Brick kilns take their toll in Iraq

With reconstruction under way, demand for bricks has risen, and so have deaths from accidents and pollution.

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KUT, Iraq // On days when the wind comes from the north, oily filth from the brick factory chimneys blows over the nearby homes of labourers, coating everything and everyone in black soot. This dark, greasy dust haunts the days and nights of the residents of the factory area on the outskirts of Kut, the pollution something they live with and die from.

With reconstruction - albeit faltering - under way in Iraq, demand for bricks has risen and so has output, sometimes with the assistance of the US military, desperate to foster any kind of private enterprise that might provide jobs for unemployed young men. Child labour is the rule rather than the exception, industrial accidents common and mortality rates high. Ahmad Khadhim's parents worked in the factories that run alongside the main road between Baghdad and Kut, 170km south of the capital. He was born there and, after cursory schooling, began labouring in the kilns as a young teenager. He has been there ever since, living a short walk from the brick ovens and their Dickensian smoke stacks.

Now in his late 20s, Mr Khadhim sees no prospect either of escape or improvement and expects his son to follow in his footsteps - if he survives to working age. "I started when I was young and there was never any alternative. We needed the money to survive," he said. "Now I'm trying to help support 11 people and that means I have to work as much as I can. It's a trap that no one can get out of." A typical day begins at 1am, the labourers preferring the relative cool of night to the blistering temperatures of summer days.

They stack bricks in huge, roughly built, crude-oil heated furnaces, dressed only in shabby tracksuits and with scarves to protect their faces from the heat, smoke and dust. "The temperatures [inside the ovens] are close to unbearable and the children are in there with us," said Abbas Rahim. "There is always black dust in the air, it's in your lungs, in the water, in the food. Everyone is sick." Children, some seven years old, work alongside the adults rather than making the long commute to the nearest school. Even heavily pregnant women are required to pitch in by families living in poverty.

Shifts last between eight and 10 hours, with monthly pay running at up to US$400 (Dh1,500), barely enough to keep a large extended family alive. "People die young here, you are old by the time you're 40 and you're probably not going to live much longer than that," Mr Khadhim said. "Usually it's the lungs that go first, but kidneys also fail because there is no clean drinking water and no one can afford to buy bottled water."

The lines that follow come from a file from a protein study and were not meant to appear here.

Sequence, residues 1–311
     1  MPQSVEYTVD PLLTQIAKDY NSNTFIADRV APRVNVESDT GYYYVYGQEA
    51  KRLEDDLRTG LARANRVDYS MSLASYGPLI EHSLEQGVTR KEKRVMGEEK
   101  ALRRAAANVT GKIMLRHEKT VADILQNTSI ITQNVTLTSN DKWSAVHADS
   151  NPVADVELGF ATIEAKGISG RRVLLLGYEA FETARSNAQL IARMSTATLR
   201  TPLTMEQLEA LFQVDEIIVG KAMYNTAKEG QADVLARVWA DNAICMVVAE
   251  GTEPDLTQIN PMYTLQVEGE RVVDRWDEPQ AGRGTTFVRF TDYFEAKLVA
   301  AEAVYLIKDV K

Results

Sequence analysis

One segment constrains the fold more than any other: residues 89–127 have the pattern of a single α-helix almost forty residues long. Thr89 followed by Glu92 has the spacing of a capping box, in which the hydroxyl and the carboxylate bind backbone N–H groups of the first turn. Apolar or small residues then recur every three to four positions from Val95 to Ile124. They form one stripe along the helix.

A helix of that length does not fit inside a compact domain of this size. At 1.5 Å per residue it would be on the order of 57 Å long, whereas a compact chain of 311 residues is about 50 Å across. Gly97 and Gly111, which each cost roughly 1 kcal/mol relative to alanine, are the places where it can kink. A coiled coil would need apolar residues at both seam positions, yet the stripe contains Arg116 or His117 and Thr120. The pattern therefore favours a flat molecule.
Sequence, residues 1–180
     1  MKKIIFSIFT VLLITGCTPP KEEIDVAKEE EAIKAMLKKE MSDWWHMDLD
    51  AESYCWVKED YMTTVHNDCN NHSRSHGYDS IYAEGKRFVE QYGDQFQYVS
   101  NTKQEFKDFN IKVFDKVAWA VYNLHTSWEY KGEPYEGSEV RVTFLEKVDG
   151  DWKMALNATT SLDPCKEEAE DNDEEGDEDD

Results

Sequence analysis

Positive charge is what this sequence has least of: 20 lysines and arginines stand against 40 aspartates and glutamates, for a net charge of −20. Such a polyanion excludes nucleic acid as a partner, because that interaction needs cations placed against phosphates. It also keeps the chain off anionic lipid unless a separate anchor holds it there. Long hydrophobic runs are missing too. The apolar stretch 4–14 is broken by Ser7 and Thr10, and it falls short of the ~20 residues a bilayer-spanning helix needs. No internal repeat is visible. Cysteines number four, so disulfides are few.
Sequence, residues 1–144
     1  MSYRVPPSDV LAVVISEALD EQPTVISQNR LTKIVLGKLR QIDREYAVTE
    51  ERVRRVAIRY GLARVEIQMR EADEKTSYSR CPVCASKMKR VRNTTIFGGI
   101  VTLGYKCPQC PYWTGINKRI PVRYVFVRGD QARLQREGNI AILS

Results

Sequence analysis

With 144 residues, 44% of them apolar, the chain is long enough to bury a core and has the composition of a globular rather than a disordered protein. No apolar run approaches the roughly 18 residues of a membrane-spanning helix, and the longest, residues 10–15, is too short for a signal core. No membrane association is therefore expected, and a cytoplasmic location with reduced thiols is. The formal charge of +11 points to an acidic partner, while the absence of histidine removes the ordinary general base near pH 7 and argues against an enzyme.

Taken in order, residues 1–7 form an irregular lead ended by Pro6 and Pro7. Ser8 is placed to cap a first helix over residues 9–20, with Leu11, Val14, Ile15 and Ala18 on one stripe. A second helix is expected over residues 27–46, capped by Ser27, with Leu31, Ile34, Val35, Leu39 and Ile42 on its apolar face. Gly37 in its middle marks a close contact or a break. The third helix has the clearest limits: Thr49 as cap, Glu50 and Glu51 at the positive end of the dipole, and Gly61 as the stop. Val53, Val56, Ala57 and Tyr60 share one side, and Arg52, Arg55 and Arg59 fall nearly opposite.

The central government, as well as the provincial council, headquartered in Kut, have both pledged action, threatening to close factories that do not modernise. Local officials said they had closed down three factories in the last year. In practice, however, wealthy factory owners easily circumvent environmental and worker protection agencies, which have limited powers and remain hamstrung by Iraq's political instability and corruption.

Khterer Jathea has fathered 12 children, five of whom died before the age of 10. "They were sick but we had no money for medicine or doctors so we just had to watch them die," he said. "No one helped, no one was interested in helping. We were told their lungs had been burnt, and some had cancer. "If I leave here, I'll have no work and will starve to death. If I stay here, I'll die from the work and diseases, and so will my children. There are no options."

Moaid Gharnim, an economic analyst who has consulted on studies about Iraq's brick factories, said the government had yet to come up with a plan to solve the problems. "Promises have been made to do something about these places but in reality nothing is done," he said. "The reality is that Iraq needs bricks and no one wants to go in and deal with this issue. "Cleaning this up will be expensive; it's cheaper to just keep on poisoning everything."

Brick factories, all similar in style, are a common sight in Iraq and employ tens of thousands of people nationwide. US military commanders overseeing reconstruction projects helped to get some of them, including the huge Narhwan factory complex east of Baghdad, restarted after years of sanctions and insurgency. The theory behind the projects was that employment opportunities would prevent angry young men from becoming militants.

In Kut's brick factory area, however, labourers were furious over their situation and said politicians had betrayed them. Rather than undermining militancy, locals said the conditions had left residents disillusioned with democracy and were turning the factories into an incubator of despair and radicalism. "As far as I'm concerned there is no government in Iraq," said Mr Khadhim. "If there was, it would do something about this. The owner comes, he doesn't care about the working conditions, he doesn't mind if he sees a seven-year-old lifting bricks at 3am, he's just running his business and making money.

"People die from time to time when the oven roof collapses on top of them, or they break their legs when bricks fall. How can a government accept this?" In the run-up to the March 7 national elections, candidates trying to win parliamentary seats visited the factories as part of their campaign, an event the brick factory workers remember with deep bitterness. "They come, hand us a blanket and a promise and then we never see or hear from them again; it was the same in all the other elections," said Mr Khadhim. "We demand action. This suffering must end."